Hírek  

4chan adopts DMCA policy after nude celebrity photo postingsSite agrees to remove “bona fide” infringing material if asked.

via 4chan adopts DMCA policy after nude celebrity photo postings | Ars Technica.

As evidence mounts, it’s getting harder to defend Edward Snowden – Skating on Stilts.

The evidence is mounting that Edward Snowden and his journalist allies have helped al Qaeda improve their security against NSA surveillance. In May, Recorded Future, a predictive analytics web intelligence firm, published a persuasive timeline showing that Snowden’s revelations about NSA’s capabilities were followed quickly by a burst of new, robust encryption tools from al-Qaeda and its affiliates:

This is hardly a surprise for those who live in the real world. But it was an affront to Snowden’s defenders, who’ve long insisted that journalists handled the NSA leaks so responsibly that no one can identify any damage that they have caused.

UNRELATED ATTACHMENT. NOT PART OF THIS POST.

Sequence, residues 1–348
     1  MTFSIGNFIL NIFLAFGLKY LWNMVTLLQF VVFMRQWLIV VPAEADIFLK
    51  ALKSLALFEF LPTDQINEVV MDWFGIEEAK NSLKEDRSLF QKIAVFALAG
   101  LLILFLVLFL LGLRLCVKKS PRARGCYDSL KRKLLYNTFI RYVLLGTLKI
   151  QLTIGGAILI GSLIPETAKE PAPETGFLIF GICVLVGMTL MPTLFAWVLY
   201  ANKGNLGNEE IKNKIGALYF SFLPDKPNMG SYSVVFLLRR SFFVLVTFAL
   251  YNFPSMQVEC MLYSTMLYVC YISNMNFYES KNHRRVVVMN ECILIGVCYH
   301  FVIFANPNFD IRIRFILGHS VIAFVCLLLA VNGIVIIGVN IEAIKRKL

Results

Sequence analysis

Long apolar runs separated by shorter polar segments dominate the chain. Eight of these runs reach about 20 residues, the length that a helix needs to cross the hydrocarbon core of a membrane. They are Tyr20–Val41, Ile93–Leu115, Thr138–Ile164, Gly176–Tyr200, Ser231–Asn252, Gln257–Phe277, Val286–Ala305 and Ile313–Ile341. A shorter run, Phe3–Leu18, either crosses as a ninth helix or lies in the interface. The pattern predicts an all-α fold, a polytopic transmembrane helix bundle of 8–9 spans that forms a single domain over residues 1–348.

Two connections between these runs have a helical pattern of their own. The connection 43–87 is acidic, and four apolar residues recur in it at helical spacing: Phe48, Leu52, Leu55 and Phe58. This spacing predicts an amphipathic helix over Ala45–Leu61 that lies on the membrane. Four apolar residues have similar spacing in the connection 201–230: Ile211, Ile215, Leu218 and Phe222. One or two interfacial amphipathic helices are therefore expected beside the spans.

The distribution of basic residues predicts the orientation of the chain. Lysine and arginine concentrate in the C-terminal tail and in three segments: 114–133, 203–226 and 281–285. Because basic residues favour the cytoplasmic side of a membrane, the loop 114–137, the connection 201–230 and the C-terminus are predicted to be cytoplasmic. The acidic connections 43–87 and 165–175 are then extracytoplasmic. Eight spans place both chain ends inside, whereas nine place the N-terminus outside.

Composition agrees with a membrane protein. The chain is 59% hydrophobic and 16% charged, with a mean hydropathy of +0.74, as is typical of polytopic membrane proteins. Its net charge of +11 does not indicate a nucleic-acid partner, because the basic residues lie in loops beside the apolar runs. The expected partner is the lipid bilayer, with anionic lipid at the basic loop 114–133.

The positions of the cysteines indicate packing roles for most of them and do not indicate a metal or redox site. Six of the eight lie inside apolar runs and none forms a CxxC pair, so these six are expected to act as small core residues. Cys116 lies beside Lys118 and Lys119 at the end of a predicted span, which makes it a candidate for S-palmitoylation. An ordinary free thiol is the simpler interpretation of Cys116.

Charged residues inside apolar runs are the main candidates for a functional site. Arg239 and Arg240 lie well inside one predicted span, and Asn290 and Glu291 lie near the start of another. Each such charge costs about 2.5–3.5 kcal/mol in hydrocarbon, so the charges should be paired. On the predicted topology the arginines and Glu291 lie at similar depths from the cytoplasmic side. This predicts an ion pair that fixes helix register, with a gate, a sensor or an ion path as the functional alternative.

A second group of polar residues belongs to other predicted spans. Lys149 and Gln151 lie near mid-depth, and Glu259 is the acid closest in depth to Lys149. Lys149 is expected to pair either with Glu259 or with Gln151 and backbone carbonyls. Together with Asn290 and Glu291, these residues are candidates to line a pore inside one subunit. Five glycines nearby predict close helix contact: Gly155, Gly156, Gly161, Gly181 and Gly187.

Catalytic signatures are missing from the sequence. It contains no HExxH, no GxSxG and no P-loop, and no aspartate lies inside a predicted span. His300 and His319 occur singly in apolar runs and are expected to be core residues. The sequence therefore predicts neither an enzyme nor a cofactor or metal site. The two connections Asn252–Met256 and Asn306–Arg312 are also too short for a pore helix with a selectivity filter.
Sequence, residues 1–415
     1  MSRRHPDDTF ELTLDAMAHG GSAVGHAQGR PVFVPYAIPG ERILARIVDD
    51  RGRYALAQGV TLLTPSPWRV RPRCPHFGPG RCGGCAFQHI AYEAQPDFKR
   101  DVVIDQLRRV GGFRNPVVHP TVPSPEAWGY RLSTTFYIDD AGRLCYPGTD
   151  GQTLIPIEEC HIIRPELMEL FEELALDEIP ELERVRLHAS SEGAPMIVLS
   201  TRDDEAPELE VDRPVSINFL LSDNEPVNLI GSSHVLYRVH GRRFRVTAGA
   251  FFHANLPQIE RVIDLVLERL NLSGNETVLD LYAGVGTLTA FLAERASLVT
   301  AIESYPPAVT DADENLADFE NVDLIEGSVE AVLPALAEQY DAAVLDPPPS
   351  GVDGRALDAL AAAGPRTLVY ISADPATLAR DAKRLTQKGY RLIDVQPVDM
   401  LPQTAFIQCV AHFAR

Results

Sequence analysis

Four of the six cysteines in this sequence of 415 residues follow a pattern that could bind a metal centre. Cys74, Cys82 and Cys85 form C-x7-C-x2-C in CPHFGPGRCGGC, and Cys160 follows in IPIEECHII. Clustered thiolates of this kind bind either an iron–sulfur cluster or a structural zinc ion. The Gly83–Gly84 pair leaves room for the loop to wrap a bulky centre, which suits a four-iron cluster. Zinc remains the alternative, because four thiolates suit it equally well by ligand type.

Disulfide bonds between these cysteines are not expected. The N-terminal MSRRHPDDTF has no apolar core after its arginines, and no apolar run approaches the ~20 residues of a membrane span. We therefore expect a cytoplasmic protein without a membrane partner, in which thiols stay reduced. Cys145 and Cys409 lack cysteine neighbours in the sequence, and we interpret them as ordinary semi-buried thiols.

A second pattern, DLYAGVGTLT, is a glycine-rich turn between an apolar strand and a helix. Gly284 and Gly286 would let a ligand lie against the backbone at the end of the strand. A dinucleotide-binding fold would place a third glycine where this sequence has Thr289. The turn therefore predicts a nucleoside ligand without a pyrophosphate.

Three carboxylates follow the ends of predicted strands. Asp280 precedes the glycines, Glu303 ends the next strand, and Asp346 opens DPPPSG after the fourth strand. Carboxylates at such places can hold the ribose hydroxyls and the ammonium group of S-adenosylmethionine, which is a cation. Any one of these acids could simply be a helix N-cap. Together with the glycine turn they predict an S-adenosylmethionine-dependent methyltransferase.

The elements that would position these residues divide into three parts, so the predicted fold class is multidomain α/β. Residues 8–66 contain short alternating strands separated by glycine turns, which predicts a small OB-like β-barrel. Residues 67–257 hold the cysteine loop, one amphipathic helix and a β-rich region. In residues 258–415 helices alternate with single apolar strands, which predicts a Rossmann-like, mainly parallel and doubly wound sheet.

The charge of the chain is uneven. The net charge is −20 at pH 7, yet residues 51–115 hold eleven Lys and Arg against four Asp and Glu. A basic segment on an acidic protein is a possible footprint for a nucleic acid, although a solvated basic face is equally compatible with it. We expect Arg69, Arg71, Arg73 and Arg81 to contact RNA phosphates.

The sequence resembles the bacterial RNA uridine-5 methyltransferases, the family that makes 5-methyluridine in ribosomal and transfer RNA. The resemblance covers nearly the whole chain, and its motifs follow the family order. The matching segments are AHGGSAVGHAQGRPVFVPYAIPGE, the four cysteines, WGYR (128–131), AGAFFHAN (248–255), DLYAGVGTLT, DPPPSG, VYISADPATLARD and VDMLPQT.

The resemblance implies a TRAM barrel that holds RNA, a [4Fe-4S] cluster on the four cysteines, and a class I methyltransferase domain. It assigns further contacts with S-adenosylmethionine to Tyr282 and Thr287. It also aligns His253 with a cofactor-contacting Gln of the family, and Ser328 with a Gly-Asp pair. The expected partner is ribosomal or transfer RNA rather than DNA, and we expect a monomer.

In damage control mode, Snowden’s defenders first responded to the Recorded Future analysis by pooh-poohing the terrorists’ push for new encryption tools. Bruce Schneier declared that the change might actually hurt al Qaeda: “I think this will help US intelligence efforts. Cryptography is hard, and the odds that a home-brew encryption product is better than a well-studied open-source tool is slight.”

Schneier is usually smarter than this. In fact, the product al Qaeda had been recommending until the leaks, Mujahidin Secrets, probably did qualify as “home-brew encryption.” Indeed, Bruce Schneier dissed Mujahidin Secrets in 2008 on precisely that ground, saying “No one has explained why a terrorist would use this instead of PGP.”

But as a second Recorded Future post showed, the products that replaced Mujahidin Secrets relied heavily on open-source and proven encryption software. Indeed, one of them uses Schneier’s own, well-tested encryption algorithm, Twofish.

Faced with facts that contradicted his original defense of Snowden, Schneier was quick to offer a new reason why Snowden’s leaks and al Qaeda’s response to them still wouldn’t make any difference:

Whatever the reason, Schneier says, al-Qaida’s new encryption program won’t necessarily keep communications secret, and the only way to ensure that nothing gets picked up is to not send anything electronically. Osama bin Laden understood that. That’s why he ended up resorting to couriers.